A dwarf galaxy, trailing fireballs, in its final death throes

This post has been corrected, as indicated below.

The dying dwarf galaxy you see above, with a stream of fireballs trailing in its wake, is not big, but it is bright, and it is relatively nearby. 

It's name is IC 3418 and you'll find it deep in the Virgo Cluster -- a mass of about 1,000 galaxies not far from the smaller cluster of galaxies that includes our own Milky Way. 

Galaxy IC 3418 is dying because most of its gas has blown away and galaxies need gas to keep forming stars. In the language of astronomy, a galaxy that is no longer forming stars is a galaxy that is dead. It's kind of like the language of business: If you don't grow, you die.

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Even when the galaxy does run completely out of gas, its stars will remain and will continue to generate energy, but there will be no spiraling arms or other interesting structures that we expect to see in active galaxies.

"Once it stops forming new stars it looks much more boring, like a smooth pile of stars," said Jeffrey Kenney of Yale University, who presented research on the dying galaxy at the American Astronomical Society meeting in Indianapolis this week.

Kenney's research provides evidence that the galaxy lost its gas due to ram pressure, a powerful wind that is generated as galaxies move around in the cluster of other galaxies. The wind can get strong enough to push clouds of gas out of the galaxy, but it leaves the more dense stars behind.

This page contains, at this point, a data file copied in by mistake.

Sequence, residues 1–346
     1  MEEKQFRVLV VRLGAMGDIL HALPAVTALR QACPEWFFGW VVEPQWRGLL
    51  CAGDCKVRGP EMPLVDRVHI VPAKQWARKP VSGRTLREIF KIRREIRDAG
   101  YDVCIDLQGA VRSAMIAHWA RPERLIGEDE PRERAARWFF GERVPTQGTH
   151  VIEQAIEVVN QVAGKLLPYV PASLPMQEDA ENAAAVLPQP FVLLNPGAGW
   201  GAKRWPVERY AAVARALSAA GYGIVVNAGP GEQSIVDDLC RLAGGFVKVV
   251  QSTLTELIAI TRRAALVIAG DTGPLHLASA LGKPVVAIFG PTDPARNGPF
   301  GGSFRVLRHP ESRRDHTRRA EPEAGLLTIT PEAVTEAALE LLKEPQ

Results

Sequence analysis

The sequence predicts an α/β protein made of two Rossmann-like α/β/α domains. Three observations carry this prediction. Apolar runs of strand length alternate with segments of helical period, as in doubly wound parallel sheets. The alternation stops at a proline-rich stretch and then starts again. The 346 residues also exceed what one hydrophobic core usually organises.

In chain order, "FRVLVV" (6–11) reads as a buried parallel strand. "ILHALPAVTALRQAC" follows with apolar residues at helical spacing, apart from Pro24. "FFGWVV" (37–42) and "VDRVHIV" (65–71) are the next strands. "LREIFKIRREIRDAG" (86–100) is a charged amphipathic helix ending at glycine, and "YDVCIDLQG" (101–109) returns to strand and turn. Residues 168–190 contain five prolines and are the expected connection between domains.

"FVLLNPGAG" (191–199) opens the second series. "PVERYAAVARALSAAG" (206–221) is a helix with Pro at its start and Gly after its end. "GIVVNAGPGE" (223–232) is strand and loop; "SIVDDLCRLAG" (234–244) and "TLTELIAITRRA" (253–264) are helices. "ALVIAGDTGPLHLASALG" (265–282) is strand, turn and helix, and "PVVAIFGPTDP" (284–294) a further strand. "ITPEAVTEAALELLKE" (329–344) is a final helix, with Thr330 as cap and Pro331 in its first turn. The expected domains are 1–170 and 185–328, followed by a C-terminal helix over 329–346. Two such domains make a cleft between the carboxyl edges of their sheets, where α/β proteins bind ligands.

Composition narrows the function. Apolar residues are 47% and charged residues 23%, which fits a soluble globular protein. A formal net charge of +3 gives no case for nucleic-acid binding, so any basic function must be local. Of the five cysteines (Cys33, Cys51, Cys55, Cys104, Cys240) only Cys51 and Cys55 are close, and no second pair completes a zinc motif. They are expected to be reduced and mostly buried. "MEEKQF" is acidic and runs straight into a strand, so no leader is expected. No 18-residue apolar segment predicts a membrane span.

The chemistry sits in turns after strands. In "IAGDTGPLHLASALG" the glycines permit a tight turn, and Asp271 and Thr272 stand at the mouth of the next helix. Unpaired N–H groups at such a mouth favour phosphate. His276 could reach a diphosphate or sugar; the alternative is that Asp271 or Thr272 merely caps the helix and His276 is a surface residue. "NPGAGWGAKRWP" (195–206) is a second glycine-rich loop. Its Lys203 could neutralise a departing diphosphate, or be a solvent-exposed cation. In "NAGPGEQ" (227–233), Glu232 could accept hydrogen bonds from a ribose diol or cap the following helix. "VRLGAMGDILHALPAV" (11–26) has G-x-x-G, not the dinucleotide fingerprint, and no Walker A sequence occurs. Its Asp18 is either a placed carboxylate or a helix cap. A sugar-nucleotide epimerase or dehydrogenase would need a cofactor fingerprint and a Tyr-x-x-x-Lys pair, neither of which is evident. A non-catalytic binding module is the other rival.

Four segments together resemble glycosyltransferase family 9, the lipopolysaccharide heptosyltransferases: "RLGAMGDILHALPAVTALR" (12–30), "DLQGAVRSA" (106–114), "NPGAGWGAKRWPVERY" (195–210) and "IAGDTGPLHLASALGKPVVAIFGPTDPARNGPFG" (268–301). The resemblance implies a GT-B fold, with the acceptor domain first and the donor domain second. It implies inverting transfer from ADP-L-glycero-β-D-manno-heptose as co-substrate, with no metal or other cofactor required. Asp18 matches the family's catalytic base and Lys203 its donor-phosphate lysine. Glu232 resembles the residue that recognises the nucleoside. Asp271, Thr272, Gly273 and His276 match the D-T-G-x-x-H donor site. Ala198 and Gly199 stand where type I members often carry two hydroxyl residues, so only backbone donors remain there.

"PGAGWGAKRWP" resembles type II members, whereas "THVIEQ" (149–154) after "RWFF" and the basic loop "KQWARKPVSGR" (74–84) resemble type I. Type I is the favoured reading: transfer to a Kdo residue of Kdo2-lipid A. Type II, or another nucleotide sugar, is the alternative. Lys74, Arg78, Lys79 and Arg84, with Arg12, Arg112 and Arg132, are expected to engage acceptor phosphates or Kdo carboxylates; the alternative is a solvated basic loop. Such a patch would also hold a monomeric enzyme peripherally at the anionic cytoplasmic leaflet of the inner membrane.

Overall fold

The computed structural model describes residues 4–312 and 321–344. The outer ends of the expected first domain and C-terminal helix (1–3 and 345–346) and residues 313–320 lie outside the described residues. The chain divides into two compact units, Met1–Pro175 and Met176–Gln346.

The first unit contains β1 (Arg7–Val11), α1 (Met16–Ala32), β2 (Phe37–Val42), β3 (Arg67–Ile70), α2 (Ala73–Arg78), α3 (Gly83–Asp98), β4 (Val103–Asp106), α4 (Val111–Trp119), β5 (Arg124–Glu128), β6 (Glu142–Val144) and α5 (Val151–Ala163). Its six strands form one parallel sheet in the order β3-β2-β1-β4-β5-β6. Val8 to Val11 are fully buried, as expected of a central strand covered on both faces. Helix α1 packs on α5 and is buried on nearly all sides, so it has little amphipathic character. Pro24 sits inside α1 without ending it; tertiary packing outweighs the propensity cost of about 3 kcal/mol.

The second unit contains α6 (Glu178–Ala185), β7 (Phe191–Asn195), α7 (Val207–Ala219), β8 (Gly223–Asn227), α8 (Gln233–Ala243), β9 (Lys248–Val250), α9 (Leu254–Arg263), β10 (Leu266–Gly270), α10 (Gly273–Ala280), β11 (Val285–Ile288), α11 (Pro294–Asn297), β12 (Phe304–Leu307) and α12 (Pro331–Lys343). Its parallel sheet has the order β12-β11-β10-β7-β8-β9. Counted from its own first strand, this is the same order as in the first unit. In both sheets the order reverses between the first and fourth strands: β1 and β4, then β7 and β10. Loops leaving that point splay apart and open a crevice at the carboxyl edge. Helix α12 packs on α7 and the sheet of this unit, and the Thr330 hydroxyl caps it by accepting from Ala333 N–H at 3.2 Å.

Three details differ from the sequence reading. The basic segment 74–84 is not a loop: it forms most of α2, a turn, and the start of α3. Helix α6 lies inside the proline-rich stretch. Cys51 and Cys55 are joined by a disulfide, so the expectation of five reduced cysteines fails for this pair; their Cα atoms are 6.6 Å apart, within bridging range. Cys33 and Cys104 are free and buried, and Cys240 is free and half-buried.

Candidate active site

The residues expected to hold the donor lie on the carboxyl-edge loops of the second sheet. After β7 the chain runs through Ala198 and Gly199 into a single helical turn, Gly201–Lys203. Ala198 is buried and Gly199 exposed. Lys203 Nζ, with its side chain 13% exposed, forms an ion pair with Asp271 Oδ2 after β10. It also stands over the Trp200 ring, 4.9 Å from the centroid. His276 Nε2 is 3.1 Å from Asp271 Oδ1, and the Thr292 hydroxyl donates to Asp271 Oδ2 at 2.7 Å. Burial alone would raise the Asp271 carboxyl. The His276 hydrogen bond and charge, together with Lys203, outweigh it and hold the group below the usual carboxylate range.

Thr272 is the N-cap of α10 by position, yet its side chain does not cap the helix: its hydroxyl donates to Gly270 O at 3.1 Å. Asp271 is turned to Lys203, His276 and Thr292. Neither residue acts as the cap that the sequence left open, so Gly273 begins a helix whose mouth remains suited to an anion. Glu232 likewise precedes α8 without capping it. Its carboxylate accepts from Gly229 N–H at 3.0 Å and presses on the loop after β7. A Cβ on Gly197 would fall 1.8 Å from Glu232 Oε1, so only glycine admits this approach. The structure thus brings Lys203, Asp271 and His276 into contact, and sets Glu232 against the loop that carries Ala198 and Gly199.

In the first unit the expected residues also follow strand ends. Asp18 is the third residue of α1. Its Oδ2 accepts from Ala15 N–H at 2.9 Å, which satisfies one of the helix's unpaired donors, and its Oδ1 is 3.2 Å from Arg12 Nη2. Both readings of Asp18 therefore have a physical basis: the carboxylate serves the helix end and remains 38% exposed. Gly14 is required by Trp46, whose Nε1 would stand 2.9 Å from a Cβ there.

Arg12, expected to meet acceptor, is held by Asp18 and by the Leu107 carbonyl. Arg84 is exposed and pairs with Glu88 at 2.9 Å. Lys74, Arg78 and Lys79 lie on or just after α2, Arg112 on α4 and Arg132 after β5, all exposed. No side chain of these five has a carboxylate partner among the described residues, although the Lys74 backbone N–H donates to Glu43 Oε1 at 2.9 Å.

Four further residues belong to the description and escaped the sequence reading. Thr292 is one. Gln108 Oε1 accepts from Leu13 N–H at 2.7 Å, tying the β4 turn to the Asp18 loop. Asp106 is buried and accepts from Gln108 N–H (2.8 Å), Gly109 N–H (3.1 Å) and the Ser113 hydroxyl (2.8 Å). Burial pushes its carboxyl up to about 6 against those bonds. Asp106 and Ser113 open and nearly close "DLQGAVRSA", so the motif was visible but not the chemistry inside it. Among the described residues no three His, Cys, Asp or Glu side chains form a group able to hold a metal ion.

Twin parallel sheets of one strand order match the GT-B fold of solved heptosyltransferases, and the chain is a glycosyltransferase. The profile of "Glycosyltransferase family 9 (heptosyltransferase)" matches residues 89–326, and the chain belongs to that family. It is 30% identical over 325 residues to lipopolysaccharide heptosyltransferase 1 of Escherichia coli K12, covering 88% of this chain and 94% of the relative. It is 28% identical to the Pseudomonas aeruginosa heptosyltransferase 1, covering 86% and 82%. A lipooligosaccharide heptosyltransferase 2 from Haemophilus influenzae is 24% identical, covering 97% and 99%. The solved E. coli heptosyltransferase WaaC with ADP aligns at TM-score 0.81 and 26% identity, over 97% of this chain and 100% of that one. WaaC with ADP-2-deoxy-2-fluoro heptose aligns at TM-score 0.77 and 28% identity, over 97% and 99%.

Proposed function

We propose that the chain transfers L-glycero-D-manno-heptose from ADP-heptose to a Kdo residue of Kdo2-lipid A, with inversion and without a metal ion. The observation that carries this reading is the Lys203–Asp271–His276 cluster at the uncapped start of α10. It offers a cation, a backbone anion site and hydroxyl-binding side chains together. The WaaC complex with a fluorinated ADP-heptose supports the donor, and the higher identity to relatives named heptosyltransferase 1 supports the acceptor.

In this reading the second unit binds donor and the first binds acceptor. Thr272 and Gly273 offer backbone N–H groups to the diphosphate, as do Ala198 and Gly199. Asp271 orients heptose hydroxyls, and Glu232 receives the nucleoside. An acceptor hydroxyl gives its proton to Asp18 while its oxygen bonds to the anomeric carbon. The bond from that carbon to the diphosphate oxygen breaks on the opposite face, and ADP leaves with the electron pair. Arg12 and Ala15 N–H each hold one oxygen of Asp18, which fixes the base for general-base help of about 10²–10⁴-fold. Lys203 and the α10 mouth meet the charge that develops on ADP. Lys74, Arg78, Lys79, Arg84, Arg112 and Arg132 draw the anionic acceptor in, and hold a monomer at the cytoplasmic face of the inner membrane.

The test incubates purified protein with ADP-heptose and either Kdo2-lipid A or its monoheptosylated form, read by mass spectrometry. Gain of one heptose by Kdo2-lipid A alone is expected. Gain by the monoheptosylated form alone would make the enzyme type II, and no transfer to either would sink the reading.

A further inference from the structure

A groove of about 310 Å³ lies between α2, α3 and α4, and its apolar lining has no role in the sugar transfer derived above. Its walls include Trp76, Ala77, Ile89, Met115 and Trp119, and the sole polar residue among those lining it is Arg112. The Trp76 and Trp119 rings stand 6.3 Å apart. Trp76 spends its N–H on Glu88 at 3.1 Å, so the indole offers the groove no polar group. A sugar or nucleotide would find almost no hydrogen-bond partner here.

"A good analogy is if you imagine holding popcorn and unpopped corn kernels in your hand and then stick your hand out a moving car window," said Kenney. "The wind would blow the popped kernels out of your hand, but leave the unpopped kernels. The popcorn are like the gas clouds, and the unpopped kernels are like the stars."

The gas is stripped away at the edge of the galaxy first, where the gravitational pull is the weakest, and continues to the core, said Kinney. This galaxy has been without its life-giving gas for some time, he said. The core has not made new stars for about 300 million years.

But while the galaxy is not making new stars, Kenney's research shows that the blobs of material trailing the galaxy are making new stars. These are fireballs, with masses of gas at the head forming bright new stars and leaving a long stream of young stars in their wake. The fireballs were formed when the gas from the galaxy was pushed out due to the ram pressure, accelerated, and then started forming stars.

Star formation can take about a million years, so we won't get to see what happens to these stars after they form. Kenney said some of the stars will fall back into the galaxy becasue they don't have enough speed to escape it, while others will just be stars in space -- the final relics of a galaxy that has lost its star-making gas.

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[For the Record, 11:38 a.m. PDT, June 5: In an earlier version of this online article,  Jeffrey Kenney's name was misspelled in a few cases.] 

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